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"I'm sorry for your loss."

He opened her hand and placed a small silver object in it, like the ones everyone had thrown onto Macon's casket. Her fingers closed around it. Before I could move a muscle, the unmistakable ripping sound tore through the air, and he was gone.


I saw her legs begin to buckle under the weight of the morning -- the loss, the storm, even the final rip in the sky. By the time I made it to her side and slid my arm under her, she was gone, too. I carried her down the sloping hill, away from Macon and the cemetery.

She slept curled in my bed, on and off, for a night and a day. She had a few stray twigs matted in her hair, and her face was still flecked with mud, but she wouldn't go home to Ravenwood, and no one asked her to. I had given her my oldest, softest sweatshirt and wrapped her in our thickest patchwork quilt, but she never stopped shivering, even in her sleep. Boo lay at her feet, and Amma appeared in the doorway every now and then. I sat in the chair by the window, the one I never sat in, and stared out at the sky. I couldn't open it, because a storm was still brewing.

As Lena was sleeping, her fingers uncurled. In them was a tiny bird made of silver, a sparrow. A gift from the stranger at Macon's funeral. I tried to take it from her hand just as her fingers tightened around it.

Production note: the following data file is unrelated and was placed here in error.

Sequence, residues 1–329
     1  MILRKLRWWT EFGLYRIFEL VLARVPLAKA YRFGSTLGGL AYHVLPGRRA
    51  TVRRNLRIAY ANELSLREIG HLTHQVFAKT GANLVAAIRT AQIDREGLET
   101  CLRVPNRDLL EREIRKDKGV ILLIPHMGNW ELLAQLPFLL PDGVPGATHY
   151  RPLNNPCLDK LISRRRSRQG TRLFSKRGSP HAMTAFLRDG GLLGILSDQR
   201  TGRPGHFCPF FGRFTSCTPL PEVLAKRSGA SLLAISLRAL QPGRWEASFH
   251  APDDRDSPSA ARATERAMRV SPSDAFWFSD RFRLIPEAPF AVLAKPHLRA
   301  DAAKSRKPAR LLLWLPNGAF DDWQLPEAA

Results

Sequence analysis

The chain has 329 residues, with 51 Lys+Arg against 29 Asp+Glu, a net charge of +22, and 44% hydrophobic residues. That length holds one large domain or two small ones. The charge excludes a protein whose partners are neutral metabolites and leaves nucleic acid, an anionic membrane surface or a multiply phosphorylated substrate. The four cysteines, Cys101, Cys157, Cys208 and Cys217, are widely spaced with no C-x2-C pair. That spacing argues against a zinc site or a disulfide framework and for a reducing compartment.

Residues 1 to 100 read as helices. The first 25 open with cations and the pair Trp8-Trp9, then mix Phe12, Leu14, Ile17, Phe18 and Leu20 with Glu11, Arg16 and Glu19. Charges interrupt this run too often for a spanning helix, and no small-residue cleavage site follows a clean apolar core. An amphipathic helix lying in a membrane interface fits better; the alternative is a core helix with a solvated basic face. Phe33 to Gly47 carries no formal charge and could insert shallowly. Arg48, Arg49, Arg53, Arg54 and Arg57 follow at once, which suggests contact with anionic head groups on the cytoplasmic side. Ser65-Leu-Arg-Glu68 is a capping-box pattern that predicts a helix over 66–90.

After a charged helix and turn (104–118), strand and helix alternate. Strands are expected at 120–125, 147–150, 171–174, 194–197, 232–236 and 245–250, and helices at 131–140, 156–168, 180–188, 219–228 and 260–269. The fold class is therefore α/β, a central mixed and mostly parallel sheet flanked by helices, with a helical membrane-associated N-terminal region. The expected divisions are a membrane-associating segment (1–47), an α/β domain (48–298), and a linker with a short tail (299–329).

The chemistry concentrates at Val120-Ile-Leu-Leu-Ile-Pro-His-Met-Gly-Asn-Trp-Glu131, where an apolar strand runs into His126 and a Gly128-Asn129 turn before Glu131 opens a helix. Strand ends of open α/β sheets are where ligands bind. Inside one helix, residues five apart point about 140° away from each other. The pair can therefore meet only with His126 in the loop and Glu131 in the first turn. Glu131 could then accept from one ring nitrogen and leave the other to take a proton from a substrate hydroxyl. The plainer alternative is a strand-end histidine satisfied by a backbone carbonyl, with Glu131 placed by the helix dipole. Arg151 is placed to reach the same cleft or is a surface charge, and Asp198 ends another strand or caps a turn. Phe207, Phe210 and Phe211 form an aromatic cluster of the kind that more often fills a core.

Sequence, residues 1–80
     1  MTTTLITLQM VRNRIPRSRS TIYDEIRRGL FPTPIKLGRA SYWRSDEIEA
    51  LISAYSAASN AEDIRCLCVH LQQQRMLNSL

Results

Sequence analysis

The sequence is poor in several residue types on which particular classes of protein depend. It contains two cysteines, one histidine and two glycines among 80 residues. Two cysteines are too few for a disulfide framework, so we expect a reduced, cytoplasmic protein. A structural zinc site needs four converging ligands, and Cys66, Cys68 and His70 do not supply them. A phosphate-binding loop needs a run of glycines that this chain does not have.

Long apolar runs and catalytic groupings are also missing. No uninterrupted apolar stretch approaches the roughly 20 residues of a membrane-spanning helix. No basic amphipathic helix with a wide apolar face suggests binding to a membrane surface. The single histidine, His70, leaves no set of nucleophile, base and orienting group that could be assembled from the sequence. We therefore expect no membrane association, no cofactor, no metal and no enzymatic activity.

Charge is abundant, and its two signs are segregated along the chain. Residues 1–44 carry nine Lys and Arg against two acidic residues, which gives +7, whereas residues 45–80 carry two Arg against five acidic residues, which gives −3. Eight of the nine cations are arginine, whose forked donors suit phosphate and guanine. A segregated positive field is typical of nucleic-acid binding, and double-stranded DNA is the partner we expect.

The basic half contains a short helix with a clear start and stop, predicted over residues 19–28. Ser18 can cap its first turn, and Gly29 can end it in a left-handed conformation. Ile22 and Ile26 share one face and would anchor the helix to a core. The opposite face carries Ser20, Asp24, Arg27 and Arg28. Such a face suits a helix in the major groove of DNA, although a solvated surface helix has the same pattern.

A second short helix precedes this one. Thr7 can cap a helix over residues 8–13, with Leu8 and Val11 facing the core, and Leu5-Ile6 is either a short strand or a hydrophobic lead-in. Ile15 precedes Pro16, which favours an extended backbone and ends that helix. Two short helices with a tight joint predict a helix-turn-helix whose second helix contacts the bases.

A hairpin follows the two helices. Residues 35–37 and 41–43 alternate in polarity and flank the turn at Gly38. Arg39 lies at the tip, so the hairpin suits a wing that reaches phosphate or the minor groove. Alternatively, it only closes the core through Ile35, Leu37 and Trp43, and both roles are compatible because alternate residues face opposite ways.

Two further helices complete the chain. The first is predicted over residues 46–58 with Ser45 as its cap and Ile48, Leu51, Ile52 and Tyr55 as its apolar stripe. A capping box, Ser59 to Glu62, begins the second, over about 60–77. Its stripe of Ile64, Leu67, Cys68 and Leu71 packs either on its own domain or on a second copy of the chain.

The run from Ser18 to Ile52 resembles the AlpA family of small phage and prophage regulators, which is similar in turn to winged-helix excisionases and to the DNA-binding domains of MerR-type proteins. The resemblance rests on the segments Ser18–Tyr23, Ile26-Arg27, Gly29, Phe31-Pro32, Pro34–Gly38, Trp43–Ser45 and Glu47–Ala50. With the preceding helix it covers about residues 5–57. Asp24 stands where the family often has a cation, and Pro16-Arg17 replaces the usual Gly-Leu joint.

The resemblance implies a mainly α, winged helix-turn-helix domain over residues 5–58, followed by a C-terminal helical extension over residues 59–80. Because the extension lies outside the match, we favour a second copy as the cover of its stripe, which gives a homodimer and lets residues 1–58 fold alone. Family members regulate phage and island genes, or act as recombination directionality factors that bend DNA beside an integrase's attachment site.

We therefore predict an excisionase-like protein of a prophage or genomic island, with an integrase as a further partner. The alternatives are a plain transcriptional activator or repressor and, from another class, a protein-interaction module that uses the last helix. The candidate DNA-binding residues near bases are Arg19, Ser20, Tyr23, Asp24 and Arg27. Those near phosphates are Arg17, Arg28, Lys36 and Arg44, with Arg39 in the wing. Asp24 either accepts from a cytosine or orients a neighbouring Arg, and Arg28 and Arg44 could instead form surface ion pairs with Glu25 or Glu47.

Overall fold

Two months later, and I still couldn't look at a bird without hearing the sound of the sky ripping open.


Burnt Waffles

Four eggs, four strips of bacon, a basket of scratch biscuits (which by Amma's standard meant a spoon had never touched the batter), three kinds of freezer jam, and a slab of butter drizzled with honey. And from the smell of it, across the counter buttermilk batter was separating into squares, turning crisp in the old waffle iron. For the last two months, Amma had been cooking night and day. The counter was piled high with Pyrex dishes -- cheese grits, green bean casserole, fried chicken, and of course, Bing cherry salad, which was really a fancy name for a Jell-O mold with cherries, pineapple, and Coca-Cola in it. Past that, I could make out a coconut cake, orange rolls, and what looked like bourbon bread pudding, but I knew there was more. Since Macon died and my dad left, Amma kept cooking and baking and stacking, as if she could cook her sadness away. We both knew she couldn't.